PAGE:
Rev. Edgar F. Wheeler: 14 We Moved Up In The World

In 1928, when I was eight years old, Dad came home one evening with a “new” 1926 Chevrolet two door sedan.

Having driven only open cars with styling similar to a buggy, our family felt that we had really moved up in the world with our first closed car! About six feet tall and shaped somewhat like a box, this car was as exciting to us kids as a Corvette would be to kids today!

One novelty was that it was not all dull black. The lower body was pretty blue, with black fenders and top, and black wood spoke wheels. There were impressive features like a self-starter (which didn’t work very long), bumpers front and back, small white parking lights on either side ahead of the windshield, vacuum windshield wipers (that worked fine as long as we were not going up a hill), balloon tires, and a pull down shade for the back window. One amenity that it lacked was a heater. I will never forget having to bundle up with blankets on cold Kansas winter rides.

The evening of Dad’s prize purchase, the four of us boys took turns after dark pressing down the brake pedal while the rest of us watched the brake light glow red with yellow letters “STOP” shining out the red lenses. This car endured some of the family’s most adventurous and exciting times. Four of us five children became teenagers with it, and three learned to drive in it.

It had some unique characteristics. It had a rocking horse ride, as there were no shock absorbers. It had brakes on only the rear wheels. They consisted of bands that tightened onto the outside of the brake drums to stop. One can imagine how effective they were on a rainy day, a fact we boys discovered for ourselves. On such a day we drove to a farm neighbor, and as we turned into the drive the brakes failed, resulting in our demolishing a huge wooden gate that was closed. Fortunately, our neighbor was jolly and like us boys, so with no great ado he agreed that all would be well if we built a new gate.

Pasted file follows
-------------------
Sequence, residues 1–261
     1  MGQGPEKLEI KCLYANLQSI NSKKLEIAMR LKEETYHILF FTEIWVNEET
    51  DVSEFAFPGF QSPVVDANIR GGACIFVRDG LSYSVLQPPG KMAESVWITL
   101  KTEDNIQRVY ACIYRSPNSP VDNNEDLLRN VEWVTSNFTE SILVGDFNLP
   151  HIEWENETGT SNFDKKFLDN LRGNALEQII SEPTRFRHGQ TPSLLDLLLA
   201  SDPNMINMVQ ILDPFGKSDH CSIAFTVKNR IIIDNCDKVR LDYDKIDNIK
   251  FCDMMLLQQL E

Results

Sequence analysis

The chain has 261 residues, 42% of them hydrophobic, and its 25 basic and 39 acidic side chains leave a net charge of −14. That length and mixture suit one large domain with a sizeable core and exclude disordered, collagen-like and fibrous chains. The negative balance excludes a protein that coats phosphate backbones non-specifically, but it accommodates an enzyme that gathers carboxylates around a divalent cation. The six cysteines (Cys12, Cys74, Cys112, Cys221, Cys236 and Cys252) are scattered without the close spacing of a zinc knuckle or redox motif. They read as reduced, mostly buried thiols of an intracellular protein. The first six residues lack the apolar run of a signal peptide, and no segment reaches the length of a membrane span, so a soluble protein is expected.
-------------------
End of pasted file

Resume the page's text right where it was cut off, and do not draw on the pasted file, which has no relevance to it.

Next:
One time we had to replace a door on the car. The inner structure of the body was wood, so after a few years a doorpost rotted and the door fell off on a rough stretch of road. There was no need for a body shop A jack-of-all-trades friend cut out a new doorpost. From that time on we had to lift up and slam the door to close it.

The Chevy was a dependable car overall, and it served our family into the early Thirty’s, when we moved up once again to a much used Model A Ford with all-steel body and four wheel enclosed brakes.

Ten or eleven years later our family took another upward step when my brother, [who?] bought a “pre-owned” 1936 Chevrolet. About the only thing it had in common with the 1926 model was the Chevrolet bow tie emblem! Improving road systems allowed for lower design. Advanced manufacturing methods together with an increasing public consciousness of style brought tremendous changes in automobiles of the later Thirties. Our “new” car had a “turret top” (one-piece metal); four wheel hydraulic brakes; heater; radio; clock; “Knee Action” independent suspension that “allowed the wheels to step over the bumps;” and plush mohair upholstery.

Yes, we thought we were reaching the ultimate in transportation. How could one even imagine what technology would yet bring.

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